We got back home yesterday after a long weekend at the motorcycle races at Laguna Seca in Monterey. Let me tell you, track food is not like home cooking. We are volunteers and the lunches are prepared for a couple of hundred workers, so it is usually barbecued chicken and pulled pork or ribs, some kind of steamed vegetables and various salads. The potato and macaroni salads are pre-made, and I can hardly bring myself to eat any of it. There was a pretty good fruit salad with mango and strawberries mixed in that I did eat a lot of. We are usually on our own for dinner, so sometimes we get reheated the lunch food. We got breakfast burritos in the morning from a vendor, and occasionally we buy vendor food for dinner. Someone brought over some orange chicken and rice, and while it looked kind of appealing, the chicken was dry and crunchy. It probably had been prepared in the morning and was warming in a steam pan all day long. One night one of the guys made barbecued tri-tip and pork carnitas with a homemade tomatillo salsa, so that was a nice treat. On Sunday night, Lee took me to Monterey for dinner at our favorite place on Alvarado Street, Rosine's. They have great fresh salads that taste like they just came in from the fields, huge hot turkey or roast beef or Rueben sandwiches and really good Italian dishes.
I tried to use up most of what was in the frig last week and even took a "vacation break" from our weekly SLO Veg delivery, but there were still things in the frig this week. Hmmmm, I needed to investigate. I ended up pulling everything out, washing all the bins and wiping down the inside of the refrigerator and washing my rubber mats that I line my vegetable bins with. In the process I found a few science projects in full bloom, if you know what I mean. How long had that blueberry jam been in the back of the frig for, anyways? I got it at the Avila Valley Barn farm stand back in ... January? I didn't even keep the jar on that one. Out went some avocado dressing that I had forgotten about, along with some super-duper hot salsa someone had given Lee months ago. I know, bad huh? At least I know the vegetables are fresh...well, sort of. Which week did we get that fennel, anyways? and the cabbage, and the beets?
After checking everything for mildew, I determined the beets were fine, and so was the cabbage and fennel. I just had to peel off the outer leaves..more stuff for the compost pile. I decided to make that roasted beet salad that I love so much, so I washed them and trimmed the ends and popped them into the oven in a foil packet on a baking sheet to roast while I continued cleaning out the frig. I ended up taking everything out, shelf by shelf, and washing all the shelves and bins in hot, soapy water. It was kind of nice to not have a completely full refrigerator for a change, so I didn't have so much to pull out. I also had four ears of corn, so I started thinking of my dinner menu and decided corn on the cob and coleslaw would make nice accompaniments for fried chicken. I knew I had some chicken in the freezer, so I pulled out a package of legs and thighs that I had frozen a couple of weeks ago in meal-sized packages.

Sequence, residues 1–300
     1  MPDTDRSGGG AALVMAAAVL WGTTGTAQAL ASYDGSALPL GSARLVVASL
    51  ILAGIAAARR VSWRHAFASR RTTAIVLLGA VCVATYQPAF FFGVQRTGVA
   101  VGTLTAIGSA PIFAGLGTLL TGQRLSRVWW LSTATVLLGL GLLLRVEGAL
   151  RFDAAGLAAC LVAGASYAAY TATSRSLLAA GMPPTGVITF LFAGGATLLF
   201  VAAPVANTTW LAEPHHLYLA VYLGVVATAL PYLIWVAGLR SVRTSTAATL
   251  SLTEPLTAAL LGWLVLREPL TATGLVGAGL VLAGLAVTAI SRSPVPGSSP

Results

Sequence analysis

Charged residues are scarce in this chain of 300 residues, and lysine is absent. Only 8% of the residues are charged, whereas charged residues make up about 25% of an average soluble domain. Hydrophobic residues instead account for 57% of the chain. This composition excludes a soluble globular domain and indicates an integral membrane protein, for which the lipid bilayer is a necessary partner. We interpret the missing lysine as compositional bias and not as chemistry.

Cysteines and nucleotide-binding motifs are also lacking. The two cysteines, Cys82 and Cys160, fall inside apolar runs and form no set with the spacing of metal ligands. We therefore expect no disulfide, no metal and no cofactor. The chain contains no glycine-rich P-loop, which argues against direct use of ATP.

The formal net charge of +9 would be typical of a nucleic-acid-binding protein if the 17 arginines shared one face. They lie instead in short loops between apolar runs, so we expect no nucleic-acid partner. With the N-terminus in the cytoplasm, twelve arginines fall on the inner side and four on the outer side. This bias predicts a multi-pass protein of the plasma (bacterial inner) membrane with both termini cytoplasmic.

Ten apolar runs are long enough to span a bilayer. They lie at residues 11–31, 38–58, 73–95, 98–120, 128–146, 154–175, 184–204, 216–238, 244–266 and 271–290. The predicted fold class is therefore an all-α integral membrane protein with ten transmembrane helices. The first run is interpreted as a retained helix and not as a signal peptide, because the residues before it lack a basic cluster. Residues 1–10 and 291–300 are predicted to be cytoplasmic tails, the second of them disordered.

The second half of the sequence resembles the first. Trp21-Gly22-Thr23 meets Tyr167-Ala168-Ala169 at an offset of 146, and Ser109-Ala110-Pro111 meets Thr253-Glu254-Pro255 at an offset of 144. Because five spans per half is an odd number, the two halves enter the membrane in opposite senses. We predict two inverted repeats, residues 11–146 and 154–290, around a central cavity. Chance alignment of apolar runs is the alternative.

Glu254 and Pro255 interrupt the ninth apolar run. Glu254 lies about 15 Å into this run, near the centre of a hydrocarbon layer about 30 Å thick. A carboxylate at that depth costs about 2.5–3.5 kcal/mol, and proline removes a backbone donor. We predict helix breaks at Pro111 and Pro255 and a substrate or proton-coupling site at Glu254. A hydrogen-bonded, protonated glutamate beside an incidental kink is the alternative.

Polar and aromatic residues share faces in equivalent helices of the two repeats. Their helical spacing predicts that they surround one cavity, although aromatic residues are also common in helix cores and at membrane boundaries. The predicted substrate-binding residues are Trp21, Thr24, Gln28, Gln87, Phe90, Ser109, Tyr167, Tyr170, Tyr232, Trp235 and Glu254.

Once I had the entire refrigerator cleaned out and reorganized, I turned to my chicken and coleslaw. First I took the beets I had been roasting out of the oven and let them cool off in the foil packet. I would put them into the frig to chill before peeling and then finish that salad a little later. I had been defrosting the chicken in the microwave, so it was ready for rinsing and frying. I rinsed it in cold water, patted it dry, and then rolled it in a pie plate with some flour and cornmeal seasoned with all-purpose seasoning (salt, pepper, sugar, turmeric, paprika, garlic and onion powder, cornstarch) that I have on hand.
I heated up some coconut oil and olive oil and proceeded to brown the chicken on all sides. Then I moved the pieces to that same baking sheet that I had used to roast my beets on and put the chicken into the oven to finish baking for about 30 minutes longer.
I have decided I like a vinegar and oil dressing on my coleslaw these days, rather than a mayonnaise-type dressing that I had grown up on. I sliced up the some green and red cabbage along with half a red onion and the fennel bulb. I had to peel off the outer layers of fennel, but there was plenty left to give my coleslaw a nice tang. I rinsed it all in my salad spinner and spun it dry. Then I mixed up a dressing of olive oil, rice wine vinegar, sugar, salt, and pepper. I tasted it and decided to add a little more sugar and some of the "Everyday" seasoning blend we get at Trader Joe's. It has sea salt, mustard seeds, black peppercorns, coriander seeds, paprika, onion, garlic and chili flakes and comes in a grinder. Lee really likes a few grinds on top of his green salads that he packs every day for work. I am packing my food up for lunch at work tonight, and the guys can reheat the chicken tonight when they dish up their dinner plates. I am going to have to buy some salad at the grocery store today to get us through this week, because my SLO Veg box won't be here for a couple of days. Sigh. We sure miss our fresh vegies.
I still have another small head of purple cabbage left. I think I have some brats in the freezer too...another dinner this week: Beer brats and sauteed cabbage!
1 head green cabbage
1 head purple cabbage
1/2 red onion
1/2 fennel bulb
1/2 C olive or avocado oil
1/4 rice wine vinegar
salt and pepper, a few shakes
1 Tbs sugar
3-4 grinds of TJ's Everyday seasoning
Shred the cabbage, onion and fennel and mix together in a large bowl. Blend the dressing ingredients in a small jar and pour onto the vegetables. Stir until all the cabbage is coated, then put into the frig to marinate for at least an hour before serving.